Summary: In an empire controlled by bone shard magic, Lin, the former heir to the emperor will fight to reclaim her magic and her place on the throne. The Bone Shard Daughter marks the debut of a major new voice in epic fantasy.

The emperor’s reign has lasted for decades, his mastery of bone shard magic powering the animal-like constructs that maintain law and order. But now his rule is failing, and revolution is sweeping across the Empire’s many islands.

Lin is the emperor’s daughter and spends her days trapped in a palace of locked doors and dark secrets. When her father refuses to recognise her as heir to the throne, she vows to prove her worth by mastering the forbidden art of bone shard magic.

Yet such power carries a great cost, and when the revolution reaches the gates of the palace, Lin must decide how far she is willing to go to claim her birthright – and save her people.

Each Of Us A Desert by Mark Oshiro

Each Of Us A Desert by Mark Oshiro
Release Date:September 15, 2020

Summary: From the award-winning author Mark Oshiro comes a powerful fantasy novel about finding home and falling in love amidst the dangers of a desert where stories come to life.

Xochital is destined to wander the desert alone, speaking her troubled village’s stories into its arid winds. Her only companions are the blessed stars above and enimagic lines of poetry magically strewn across dusty dunes.

Her one desire: to share her heart with a kindred spirit.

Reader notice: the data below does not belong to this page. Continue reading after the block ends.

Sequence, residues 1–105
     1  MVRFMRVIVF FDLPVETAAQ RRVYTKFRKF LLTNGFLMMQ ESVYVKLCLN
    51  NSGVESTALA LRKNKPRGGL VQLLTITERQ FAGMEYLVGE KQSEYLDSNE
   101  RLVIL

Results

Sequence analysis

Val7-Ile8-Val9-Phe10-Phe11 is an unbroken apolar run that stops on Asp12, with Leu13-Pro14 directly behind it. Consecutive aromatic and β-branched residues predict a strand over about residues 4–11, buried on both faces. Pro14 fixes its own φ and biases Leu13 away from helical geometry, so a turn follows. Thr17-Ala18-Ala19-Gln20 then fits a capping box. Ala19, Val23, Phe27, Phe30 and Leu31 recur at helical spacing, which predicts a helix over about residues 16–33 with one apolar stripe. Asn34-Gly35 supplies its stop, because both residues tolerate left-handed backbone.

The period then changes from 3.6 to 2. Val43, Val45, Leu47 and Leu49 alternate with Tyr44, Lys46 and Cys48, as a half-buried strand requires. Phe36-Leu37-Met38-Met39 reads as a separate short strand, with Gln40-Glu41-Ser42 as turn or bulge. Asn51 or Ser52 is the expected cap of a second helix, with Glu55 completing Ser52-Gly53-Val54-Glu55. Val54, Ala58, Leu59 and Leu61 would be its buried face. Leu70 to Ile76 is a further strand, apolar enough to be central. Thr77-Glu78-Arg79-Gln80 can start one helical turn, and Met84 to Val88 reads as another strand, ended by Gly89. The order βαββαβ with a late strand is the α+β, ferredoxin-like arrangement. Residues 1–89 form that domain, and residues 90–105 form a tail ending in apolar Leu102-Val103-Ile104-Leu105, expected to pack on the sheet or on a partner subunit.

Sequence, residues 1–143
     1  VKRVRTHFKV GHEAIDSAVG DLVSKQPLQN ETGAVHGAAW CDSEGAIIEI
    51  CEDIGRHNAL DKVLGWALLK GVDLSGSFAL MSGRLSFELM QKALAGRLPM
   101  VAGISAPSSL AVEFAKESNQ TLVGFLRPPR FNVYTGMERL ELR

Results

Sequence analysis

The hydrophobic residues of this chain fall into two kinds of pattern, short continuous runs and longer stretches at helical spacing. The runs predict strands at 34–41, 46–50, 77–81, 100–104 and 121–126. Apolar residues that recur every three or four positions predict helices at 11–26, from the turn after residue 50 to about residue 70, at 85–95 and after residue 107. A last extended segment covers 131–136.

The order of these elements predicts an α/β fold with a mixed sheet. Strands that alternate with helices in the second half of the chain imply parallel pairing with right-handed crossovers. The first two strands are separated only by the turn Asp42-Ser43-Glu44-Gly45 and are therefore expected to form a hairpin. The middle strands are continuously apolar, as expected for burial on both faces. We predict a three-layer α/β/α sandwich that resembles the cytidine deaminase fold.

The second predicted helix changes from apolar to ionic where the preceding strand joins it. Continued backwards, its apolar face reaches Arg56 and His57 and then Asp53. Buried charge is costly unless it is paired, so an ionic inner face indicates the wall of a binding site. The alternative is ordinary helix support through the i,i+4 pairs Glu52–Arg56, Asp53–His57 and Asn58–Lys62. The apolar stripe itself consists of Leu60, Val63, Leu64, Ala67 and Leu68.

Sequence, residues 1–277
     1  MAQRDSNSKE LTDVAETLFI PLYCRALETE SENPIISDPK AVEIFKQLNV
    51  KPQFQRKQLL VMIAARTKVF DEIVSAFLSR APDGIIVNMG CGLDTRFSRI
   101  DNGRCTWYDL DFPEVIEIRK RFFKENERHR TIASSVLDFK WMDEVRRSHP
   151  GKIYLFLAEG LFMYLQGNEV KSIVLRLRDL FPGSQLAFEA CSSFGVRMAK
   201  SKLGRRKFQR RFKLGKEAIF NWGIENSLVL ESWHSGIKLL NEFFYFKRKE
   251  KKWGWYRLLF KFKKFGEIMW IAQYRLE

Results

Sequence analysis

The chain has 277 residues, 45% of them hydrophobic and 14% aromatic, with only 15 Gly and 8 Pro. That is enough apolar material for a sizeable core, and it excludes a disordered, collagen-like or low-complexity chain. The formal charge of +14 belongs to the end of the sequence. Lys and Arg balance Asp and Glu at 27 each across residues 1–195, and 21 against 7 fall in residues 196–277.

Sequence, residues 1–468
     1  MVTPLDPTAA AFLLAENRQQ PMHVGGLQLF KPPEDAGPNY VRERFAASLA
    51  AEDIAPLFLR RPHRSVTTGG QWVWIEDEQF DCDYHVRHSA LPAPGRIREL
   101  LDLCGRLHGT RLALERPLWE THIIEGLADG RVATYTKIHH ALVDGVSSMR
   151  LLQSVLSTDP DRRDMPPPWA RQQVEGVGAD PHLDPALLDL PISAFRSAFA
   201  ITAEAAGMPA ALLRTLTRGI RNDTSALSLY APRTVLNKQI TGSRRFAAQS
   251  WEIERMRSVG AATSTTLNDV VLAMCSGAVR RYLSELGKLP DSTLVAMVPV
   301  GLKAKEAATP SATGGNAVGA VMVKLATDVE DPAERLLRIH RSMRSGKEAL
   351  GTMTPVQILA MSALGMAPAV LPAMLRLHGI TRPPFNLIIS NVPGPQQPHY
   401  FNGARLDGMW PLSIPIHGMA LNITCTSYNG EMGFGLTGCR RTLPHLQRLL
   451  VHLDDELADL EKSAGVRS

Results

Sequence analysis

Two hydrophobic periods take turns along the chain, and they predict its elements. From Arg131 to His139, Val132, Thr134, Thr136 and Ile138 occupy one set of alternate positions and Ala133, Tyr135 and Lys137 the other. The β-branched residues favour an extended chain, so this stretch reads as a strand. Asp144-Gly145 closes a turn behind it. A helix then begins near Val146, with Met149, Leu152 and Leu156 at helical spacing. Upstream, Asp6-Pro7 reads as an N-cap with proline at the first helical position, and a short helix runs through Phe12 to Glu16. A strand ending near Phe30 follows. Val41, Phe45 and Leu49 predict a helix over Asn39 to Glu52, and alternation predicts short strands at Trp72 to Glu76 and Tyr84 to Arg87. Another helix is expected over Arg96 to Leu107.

One night, Xo’s wish is granted—in the form of Emilia, the cold and beautiful daughter of the town’s murderous mayor. But when the two set out on a magical journey across the desert, they find their hearts could be a match… if only they can survive the nightmare-like terrors that arise when the sun goes down.

These Feathered Flames by Alexandra Overy

These Feathered Flames by Alexandra Overy
Release Date: April 20, 2021

A queer #ownvoices retelling of “The Firebird,” a Russian folktale, by debut author Alexandra Overy.

When twin heirs are born in Tourin, their fates are decided at a young age. While Izaveta remained at court to learn the skills she’d need as the future queen, Asya was taken away to train with her aunt, the mysterious Firebird, who ensured magic remained balanced in the realm.

But before Asya’s training is completed, the ancient power blooms inside her, which can mean only one thing: the queen is dead, and a new ruler must be crowned.

As the princesses come to understand everything their roles entail, they’ll discover who they can trust, who they can love—and who killed their mother.

Hope you enjoyed checking out my Girl, Serpent, Thorn Blog Tour & thank you to the publisher! 📚🐍💗

Are you planning on reading Girl Serpent Thorn? Any Sapphic fantasy books you recommend?

Scavenge The Stars by Tara Sim Review

Scavenge The Stars by Tara SimScavenge The Stars by Tara Sim (Scavenge The Stars #1)

Publisher: Disney Hyperion 

Release Date: January 7, 2020

Pages: 327

Available Through The Book Depository or Bookshop

Cover Design: Marci Senders (designer) & Tom Corbett (photographer)

Summary: When Amaya rescues a mysterious stranger from drowning, she fears her rash actions have earned her a longer sentence on the debtor ship where she’s been held captive for years. Instead, the man she saved offers her unimaginable riches and a new identity, setting Amaya on a perilous course through the coastal city-state of Moray, where old-world opulence and desperate gamblers collide.